GENEVA – The U.N.’s refugee agency said Monday that nearly 1.5 million people have fled their homes in Pakistan this month, saying that fighting between government forces and Taliban militants is uprooting more people faster than probably any conflict since the Rwandan genocide of the 1990s.
“It has been a long time since there has been a displacement this big,” said U.N. High Commissioner for Refugees spokesman Ron Redmond, trying to recollect the last time so many people were uprooted in such a short period.
Redmond spoke as the U.N.’s refugee chief Antonio Guterres returned from a three-day mission to Pakistan, and as Taliban forces vowed to resist military advances in the northwestern Swat Valley until their “last breath.”
He said the newly uprooted added to more than 550,000 people who were already registered as displaced in northwest Pakistan, meaning there are more than 2 million people separated from their homes in the country.
“Humanitarian workers are struggling to keep up with the size and speed of the displacement,” Redmond told journalists in Geneva, where UNHCR has its headquarters. He said a lack of help for the displaced and the many thousands of families hosting them could cause more “political destabilization” for the country.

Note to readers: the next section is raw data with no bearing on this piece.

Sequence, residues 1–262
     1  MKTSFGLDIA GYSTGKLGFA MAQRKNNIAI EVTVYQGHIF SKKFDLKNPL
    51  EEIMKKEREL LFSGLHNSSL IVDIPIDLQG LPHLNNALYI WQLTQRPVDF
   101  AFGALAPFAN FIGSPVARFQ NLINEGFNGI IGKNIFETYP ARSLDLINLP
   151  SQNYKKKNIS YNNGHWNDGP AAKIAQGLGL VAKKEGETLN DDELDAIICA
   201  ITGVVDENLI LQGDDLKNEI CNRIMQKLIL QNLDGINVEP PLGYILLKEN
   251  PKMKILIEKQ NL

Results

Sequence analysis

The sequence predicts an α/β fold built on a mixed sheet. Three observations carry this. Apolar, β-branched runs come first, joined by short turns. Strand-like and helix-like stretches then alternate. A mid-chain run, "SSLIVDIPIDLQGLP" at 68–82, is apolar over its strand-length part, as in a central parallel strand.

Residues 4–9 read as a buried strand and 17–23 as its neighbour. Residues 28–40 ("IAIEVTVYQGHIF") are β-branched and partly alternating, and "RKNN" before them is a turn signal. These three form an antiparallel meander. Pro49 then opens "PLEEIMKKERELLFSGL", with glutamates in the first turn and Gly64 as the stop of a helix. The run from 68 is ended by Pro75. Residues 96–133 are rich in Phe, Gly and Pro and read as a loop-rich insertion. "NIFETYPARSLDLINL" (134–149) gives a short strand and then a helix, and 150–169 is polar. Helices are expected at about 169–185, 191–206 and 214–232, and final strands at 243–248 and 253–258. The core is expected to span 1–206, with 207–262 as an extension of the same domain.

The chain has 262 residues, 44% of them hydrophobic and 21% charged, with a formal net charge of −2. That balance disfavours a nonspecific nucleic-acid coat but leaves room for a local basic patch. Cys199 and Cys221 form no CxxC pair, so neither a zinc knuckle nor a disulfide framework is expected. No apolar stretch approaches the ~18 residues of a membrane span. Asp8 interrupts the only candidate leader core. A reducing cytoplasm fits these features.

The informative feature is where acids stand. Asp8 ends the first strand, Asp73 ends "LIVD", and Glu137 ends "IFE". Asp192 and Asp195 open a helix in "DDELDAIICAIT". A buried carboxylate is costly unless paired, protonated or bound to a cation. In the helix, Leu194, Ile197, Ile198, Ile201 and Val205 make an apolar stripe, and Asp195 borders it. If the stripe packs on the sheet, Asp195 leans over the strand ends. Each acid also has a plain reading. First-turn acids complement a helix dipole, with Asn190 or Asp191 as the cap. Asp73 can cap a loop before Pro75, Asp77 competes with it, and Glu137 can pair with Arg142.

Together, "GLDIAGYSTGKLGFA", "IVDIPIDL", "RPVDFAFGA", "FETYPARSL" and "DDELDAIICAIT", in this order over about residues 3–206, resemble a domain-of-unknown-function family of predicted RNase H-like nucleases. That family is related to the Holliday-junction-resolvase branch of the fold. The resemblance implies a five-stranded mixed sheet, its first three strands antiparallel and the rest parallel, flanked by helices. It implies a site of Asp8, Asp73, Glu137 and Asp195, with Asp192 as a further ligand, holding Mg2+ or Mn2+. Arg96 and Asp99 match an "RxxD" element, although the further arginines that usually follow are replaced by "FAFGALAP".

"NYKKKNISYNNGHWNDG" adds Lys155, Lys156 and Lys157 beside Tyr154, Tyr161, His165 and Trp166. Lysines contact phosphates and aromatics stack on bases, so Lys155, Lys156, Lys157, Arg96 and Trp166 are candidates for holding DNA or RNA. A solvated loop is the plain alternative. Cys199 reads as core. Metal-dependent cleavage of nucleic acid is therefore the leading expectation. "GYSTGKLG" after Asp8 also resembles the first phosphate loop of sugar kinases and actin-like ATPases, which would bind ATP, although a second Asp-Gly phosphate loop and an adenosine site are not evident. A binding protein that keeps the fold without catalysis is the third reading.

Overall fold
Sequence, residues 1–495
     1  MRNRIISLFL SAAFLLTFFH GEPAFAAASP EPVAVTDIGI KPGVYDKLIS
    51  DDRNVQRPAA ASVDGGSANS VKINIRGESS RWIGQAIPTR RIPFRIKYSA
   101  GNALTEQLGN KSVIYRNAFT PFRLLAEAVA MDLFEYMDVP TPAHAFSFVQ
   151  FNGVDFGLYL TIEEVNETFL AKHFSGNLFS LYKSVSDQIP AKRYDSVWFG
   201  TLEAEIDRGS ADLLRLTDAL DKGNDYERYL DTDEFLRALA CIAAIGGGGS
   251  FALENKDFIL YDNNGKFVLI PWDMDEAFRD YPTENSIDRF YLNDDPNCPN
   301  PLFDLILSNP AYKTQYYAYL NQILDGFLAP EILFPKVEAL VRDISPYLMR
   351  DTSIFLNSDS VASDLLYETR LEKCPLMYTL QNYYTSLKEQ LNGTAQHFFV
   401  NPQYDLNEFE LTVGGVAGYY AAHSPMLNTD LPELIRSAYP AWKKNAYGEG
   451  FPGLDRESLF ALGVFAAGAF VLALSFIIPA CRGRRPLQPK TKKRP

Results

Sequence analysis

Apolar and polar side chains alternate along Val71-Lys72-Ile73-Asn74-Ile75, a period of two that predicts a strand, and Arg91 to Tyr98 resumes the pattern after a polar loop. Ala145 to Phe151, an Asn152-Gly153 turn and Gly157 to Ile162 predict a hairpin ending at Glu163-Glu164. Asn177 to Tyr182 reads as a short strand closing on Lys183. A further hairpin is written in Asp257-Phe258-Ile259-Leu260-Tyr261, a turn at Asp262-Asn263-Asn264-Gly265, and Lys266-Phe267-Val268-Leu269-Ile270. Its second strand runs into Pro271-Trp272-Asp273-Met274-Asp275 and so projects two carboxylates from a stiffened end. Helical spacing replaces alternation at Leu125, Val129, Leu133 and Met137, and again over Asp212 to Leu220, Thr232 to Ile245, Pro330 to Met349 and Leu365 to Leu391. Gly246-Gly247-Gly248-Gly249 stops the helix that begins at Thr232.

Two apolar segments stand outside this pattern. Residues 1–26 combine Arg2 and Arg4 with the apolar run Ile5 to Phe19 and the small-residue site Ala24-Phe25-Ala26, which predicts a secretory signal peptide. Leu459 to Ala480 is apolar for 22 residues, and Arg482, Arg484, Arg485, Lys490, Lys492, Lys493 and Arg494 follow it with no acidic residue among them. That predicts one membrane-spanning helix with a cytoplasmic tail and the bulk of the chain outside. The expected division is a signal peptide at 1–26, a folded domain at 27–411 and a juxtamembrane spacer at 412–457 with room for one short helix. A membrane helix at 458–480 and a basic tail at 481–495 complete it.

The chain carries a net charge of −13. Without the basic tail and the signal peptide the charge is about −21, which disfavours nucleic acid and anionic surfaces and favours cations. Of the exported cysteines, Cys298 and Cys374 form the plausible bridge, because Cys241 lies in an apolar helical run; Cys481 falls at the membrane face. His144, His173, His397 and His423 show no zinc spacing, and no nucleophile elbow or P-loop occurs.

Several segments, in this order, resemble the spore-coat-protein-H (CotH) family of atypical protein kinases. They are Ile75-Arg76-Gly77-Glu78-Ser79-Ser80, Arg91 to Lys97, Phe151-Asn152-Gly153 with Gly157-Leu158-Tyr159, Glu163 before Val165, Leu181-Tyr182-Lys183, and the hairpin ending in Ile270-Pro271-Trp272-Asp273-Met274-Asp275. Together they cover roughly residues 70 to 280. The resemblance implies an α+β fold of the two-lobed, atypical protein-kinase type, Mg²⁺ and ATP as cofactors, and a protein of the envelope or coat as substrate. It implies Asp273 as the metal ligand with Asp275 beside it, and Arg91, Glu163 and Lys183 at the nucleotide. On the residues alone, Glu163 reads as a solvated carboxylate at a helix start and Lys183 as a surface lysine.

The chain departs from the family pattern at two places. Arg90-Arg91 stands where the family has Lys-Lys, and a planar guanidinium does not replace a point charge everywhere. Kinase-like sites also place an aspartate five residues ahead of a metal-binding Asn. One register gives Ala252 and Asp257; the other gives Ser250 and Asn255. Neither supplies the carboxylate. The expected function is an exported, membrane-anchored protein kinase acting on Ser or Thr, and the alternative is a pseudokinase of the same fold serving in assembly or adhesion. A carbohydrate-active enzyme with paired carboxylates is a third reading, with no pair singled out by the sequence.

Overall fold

The U.N. believes around 15 to 20 percent of the displaced are in camps at the moment – around 250,000 in some 24 camps, U.N. humanitarian chief John Holmes said, “which means most people are either with host families, communities, in rented accommodation or somewhere else.”
“The situation is volatile and changing rapidly,” Holmes told reporters at U.N. headquarters in New York.
The International Organization for Migration was sending trucks full of quilts, sleeping mats and other goods to help the influx of people in camps near the city of Peshawar, said spokesman Jean-Philippe Chauzy.
Still, they were only reaching a fraction of the displaced.
U.N. humanitarian spokeswoman Elisabeth Byrs said the global body was preparing to launch an international appeal for aid programs in the country by the end of the week.